It is, of course, hard to see anything other than a commercial reason for universities doing this. One, which ‘held out’ for some years before recently capitulating, states ‘the fact that you received an unconditional offer will look pretty good on your CV!’

      And as the Select Committee were told, the rise has been dramatic. 40 percent more unconditional offers were made in the last application cycle than the year before; the rise has been from a few hundred in the years to 2012, to 2,985 in 2013-14, 36,825 in 2014-15 and 51,615 last year. Unconditional offers are now given in response to 5 percent of applications, [...]

  • Hardware
  • Health/Nutrition
    • Severe Complications for Women During Childbirth Are Skyrocketing — and Could Often Be Prevented

      Every year in the U.S., nearly 4 million women give birth, the vast majority without anything going amiss for themselves or their babies. But more than 135 expectant and new mothers a day — or more than 50,000 a year, according to the Centers for Disease Control and Prevention — endure dangerous and even life-threatening complications that often leave them wounded, weakened, traumatized, financially devastated, unable to bear more children or searching in vain for answers about what went wrong.

      For the past year, ProPublica and NPR have been examining why the U.S. has the highest rate of maternal mortality in the industrialized world. The 700 to 900 deaths each year related to pregnancy and childbirth, though, overshadow a more pervasive problem that experts call “severe maternal morbidity.” For every U.S. woman who dies as a consequence of pregnancy or childbirth, up to 70 suffer hemorrhages, organ failure or other significant complications, amounting to more than 1 percent of all births. The annual cost to women, their families, taxpayers and the health care system runs into billions of dollars.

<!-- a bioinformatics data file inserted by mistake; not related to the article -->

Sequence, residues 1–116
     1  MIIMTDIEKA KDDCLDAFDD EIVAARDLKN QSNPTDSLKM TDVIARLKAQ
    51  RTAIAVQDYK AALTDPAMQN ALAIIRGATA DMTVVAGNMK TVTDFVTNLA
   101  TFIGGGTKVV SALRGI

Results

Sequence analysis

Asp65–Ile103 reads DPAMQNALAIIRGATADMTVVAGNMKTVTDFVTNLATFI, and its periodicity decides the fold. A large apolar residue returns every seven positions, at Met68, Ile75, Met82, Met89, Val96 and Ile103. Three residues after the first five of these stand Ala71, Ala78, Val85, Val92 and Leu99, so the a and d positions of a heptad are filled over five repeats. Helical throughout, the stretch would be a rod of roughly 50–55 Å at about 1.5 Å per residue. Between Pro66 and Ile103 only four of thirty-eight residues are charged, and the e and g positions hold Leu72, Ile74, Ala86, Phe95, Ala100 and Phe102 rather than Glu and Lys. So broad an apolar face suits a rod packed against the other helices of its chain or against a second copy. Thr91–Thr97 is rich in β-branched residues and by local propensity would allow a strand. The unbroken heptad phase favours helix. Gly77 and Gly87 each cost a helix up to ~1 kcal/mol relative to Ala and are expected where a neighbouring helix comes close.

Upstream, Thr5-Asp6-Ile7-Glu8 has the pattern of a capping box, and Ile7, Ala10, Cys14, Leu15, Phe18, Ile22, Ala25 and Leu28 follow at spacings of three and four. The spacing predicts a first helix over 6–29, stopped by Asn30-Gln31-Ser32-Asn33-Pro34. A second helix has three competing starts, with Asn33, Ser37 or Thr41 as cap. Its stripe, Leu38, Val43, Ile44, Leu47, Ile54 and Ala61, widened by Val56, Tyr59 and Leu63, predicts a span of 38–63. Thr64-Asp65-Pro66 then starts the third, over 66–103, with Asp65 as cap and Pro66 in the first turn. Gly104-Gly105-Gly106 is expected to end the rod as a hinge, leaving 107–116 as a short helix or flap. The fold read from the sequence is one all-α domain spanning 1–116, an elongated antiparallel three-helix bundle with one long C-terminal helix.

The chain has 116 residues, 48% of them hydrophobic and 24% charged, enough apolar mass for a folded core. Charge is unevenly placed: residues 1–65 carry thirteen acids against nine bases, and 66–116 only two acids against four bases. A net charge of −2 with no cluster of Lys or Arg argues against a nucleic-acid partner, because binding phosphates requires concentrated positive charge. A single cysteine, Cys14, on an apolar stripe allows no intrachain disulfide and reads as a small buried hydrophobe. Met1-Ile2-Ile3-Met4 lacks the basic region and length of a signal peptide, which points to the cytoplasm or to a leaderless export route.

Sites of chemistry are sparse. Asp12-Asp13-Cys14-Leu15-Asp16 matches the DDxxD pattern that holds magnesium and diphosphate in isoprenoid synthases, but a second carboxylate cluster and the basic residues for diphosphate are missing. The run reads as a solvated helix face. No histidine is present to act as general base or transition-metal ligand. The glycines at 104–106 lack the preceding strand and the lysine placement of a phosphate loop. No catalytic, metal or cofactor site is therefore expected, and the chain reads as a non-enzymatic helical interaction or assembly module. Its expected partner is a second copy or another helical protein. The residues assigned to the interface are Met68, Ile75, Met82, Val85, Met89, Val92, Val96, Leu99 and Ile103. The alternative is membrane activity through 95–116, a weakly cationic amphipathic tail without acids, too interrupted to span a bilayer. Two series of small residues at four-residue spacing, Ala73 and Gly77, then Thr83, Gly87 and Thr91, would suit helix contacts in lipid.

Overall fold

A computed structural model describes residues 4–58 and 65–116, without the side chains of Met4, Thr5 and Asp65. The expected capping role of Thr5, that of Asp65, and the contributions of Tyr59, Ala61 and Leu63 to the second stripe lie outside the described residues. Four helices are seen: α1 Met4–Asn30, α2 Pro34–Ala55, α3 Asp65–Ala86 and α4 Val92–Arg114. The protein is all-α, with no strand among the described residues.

• Security
    • Security Education in Uncertain Times: 2017 in Review

      We facilitated two webinars with the Electronic Frontier Alliance and learned more about the digital security training scene in various cities around the US. These conversations with trainers helped us to assess what seasoned digital security trainers are already doing, what kind of resources they are using, what kinds of resources are missing, and where more guidance is needed for newer teachers of digital security. We learned that many trainers use our Surveillance Self-Defense resources to inform their training, and we learned where trainers felt that these existing resources fell short. We shared these comments back with our SSD team, and we have worked hard to address these concerns.

      We decided to narrow our audience to new teachers of digital security who would be teaching to their friends and neighbors.

  • Defence/Aggression
    • ‘When Was the US Ever an Honest Broker?’

      Donald Trump’s decision to officially “recognize” Jerusalem as the capital of Israel, including possibly moving the US embassy there from Tel Aviv, was widely reported as a surprising break with previous US policy. Not surprising in that overturning previous policy is Trump’s favorite thing, but perhaps in its potential to stir up questions that US policy and media often artfully avoid.

      Here to help us with some context for this recent move is Phyllis Bennis. She directs the New Internationalism Project at the Institute for Policy Studies; author of many titles, including Understanding the Palestinian/Israeli Conflict, now in its sixth, updated edition. She joins us by phone from Washington, DC. Welcome back to CounterSpin, Phyllis Bennis.

  • Transparency/Investigative Reporting
    • Plans to thwack Official Secrets Acts smacked: Journo-gagging reform postponed

      Proposals to reform and rewrite Britain’s aged Official Secrets Acts have been postponed for at least a year, the government’s Law Commission has confirmed to The Register.

      Campaigners and media organisations now hope that the new “journalistic ice age” threatened earlier this year may not happen after all.

      As proposed, the plans would have threatened reporters, as well as whistleblowers, with jail sentences of up to 14 years, regardless of the public interest in revelations, and even if what was revealed was not likely to cause damage.

      The Commission’s plan for the “first overhaul of the Official Secrets Act in 100 years … to meet 21st century challenges” and using so-called “future proofed” laws will not now be completed until late 2018 at the earliest. Plans for new laws had initially been proposed for publication this summer, newspapers were told, but were then held back.

    • It Seems Like Julian Assange Deleted His Twitter